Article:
Another common dashboard challenge is choosing the right chart type.

    I come from a research background, so my go-to chart type is bar charts.

    I have way too many bar charts. My drafts are bar, bar, bar, bar. As I edit, I add more variety.

    There’s a delicate trade-off between adding variety and sticking with everyday charts, though.

    In the podcast, you’ll hear Lea say that she sees a benefit in using everyday charts.

    “People immediately understand what they’re supposed to understand from seeing those [familiar] charts. There’s no learning curve, there’s no training gap,” Lea explained.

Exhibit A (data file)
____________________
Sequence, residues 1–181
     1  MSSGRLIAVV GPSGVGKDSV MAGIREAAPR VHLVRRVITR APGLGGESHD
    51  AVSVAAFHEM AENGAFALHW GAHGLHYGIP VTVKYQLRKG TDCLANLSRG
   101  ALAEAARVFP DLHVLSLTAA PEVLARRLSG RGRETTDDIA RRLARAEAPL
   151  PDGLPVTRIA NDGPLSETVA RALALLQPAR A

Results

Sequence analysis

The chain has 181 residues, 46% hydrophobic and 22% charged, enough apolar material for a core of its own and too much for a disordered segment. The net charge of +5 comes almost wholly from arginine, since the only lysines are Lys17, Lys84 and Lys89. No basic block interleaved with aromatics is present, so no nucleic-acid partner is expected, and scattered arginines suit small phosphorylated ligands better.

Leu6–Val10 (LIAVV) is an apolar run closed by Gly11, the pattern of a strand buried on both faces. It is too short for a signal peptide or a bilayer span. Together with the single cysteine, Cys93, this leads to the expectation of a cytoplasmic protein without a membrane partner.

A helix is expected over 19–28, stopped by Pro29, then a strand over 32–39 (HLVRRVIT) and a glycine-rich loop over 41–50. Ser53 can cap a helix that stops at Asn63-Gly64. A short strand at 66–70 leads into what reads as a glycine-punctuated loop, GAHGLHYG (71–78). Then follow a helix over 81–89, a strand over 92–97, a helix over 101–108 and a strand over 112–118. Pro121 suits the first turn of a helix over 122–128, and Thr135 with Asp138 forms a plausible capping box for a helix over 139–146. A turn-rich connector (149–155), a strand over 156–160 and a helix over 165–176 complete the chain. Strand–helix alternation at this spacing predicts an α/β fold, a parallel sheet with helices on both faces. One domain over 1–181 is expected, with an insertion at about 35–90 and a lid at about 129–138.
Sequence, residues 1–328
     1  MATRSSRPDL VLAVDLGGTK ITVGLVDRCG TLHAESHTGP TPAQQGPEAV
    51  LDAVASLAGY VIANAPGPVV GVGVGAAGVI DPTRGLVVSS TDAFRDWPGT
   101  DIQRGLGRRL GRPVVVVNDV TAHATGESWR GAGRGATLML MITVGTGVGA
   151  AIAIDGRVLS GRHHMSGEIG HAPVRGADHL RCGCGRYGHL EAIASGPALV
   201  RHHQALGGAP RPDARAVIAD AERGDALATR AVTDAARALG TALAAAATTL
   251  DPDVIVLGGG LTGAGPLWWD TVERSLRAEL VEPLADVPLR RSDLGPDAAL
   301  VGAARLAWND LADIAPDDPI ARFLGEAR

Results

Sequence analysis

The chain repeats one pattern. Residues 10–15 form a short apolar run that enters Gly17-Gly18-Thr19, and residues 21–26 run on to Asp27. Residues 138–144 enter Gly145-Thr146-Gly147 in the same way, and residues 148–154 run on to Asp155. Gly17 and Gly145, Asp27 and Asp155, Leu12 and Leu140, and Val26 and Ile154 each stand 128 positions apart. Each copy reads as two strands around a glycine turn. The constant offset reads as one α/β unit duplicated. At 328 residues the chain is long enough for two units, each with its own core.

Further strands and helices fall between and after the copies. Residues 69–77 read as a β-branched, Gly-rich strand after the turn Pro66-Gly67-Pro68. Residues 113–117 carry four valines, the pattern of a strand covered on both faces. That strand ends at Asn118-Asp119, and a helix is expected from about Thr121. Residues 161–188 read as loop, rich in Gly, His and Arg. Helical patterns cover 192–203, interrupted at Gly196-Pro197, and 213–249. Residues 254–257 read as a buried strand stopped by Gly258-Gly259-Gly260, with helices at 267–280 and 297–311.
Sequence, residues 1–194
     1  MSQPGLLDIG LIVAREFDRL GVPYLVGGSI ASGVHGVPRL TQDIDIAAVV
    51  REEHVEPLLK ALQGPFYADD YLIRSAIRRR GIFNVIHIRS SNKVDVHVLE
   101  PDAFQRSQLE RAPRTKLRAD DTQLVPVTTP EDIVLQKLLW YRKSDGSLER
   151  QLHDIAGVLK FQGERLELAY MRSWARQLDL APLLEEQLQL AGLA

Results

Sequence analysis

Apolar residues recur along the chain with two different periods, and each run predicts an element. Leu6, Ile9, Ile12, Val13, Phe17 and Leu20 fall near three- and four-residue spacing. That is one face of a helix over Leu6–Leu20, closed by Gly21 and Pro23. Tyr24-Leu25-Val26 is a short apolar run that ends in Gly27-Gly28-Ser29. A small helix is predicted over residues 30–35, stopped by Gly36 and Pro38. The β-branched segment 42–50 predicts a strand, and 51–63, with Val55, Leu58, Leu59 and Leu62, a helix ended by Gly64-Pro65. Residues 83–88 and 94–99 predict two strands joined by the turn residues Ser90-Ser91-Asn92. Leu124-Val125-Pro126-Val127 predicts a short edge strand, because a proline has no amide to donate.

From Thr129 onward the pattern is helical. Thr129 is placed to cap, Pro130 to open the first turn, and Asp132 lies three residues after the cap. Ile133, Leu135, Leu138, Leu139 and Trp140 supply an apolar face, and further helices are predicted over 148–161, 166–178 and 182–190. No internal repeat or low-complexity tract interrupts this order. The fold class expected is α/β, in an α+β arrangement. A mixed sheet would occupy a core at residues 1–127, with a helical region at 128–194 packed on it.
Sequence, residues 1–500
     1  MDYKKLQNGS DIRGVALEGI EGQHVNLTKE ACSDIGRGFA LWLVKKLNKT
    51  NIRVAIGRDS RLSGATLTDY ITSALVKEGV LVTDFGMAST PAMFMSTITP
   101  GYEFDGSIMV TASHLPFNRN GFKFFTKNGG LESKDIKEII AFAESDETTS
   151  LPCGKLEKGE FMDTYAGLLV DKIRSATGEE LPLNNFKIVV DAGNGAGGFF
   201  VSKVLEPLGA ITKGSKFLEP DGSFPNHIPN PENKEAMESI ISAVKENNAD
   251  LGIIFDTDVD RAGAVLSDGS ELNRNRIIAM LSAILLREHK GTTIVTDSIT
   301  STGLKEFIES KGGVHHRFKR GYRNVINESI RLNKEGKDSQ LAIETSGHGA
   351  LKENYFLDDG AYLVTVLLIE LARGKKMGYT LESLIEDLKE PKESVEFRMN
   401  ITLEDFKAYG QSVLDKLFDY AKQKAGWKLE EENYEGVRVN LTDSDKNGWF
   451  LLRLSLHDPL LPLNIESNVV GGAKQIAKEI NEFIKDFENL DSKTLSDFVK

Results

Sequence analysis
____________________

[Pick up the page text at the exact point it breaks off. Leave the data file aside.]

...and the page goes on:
In the podcast, you’ll also hear me talk about a recent client. Their dataset has three nested levels (i.e.., categories, subcategories, and sub-subcategories).

    We brainstormed several options for their dashboard: a tree diagram, sunburst diagram, and Sankey diagram. Together, we weighed the pros and cons of each approach: What does it highlight? How easy is it for someone else to understand? Is this the pattern we really want to emphasize—or not?

    But another consideration is time and software options. Is it worth the staff time to develop those charts for the dashboard? Or do we stick with the usual bar charts?

    Book Recommendation: I Am a Book

    In the podcast, you’ll hear Lea ask me whether I’ve read any good data or design books recently.

    I mentioned I Am a Book. I Am a Portal to the Universe by Stefanie Posavec and Miriam Quick.

    This book has my favorite text placement of all time. The Nobel Prize for text placement! It gave me permission to use huge fonts, diagonal fonts, and even circular fonts. What a masterpiece.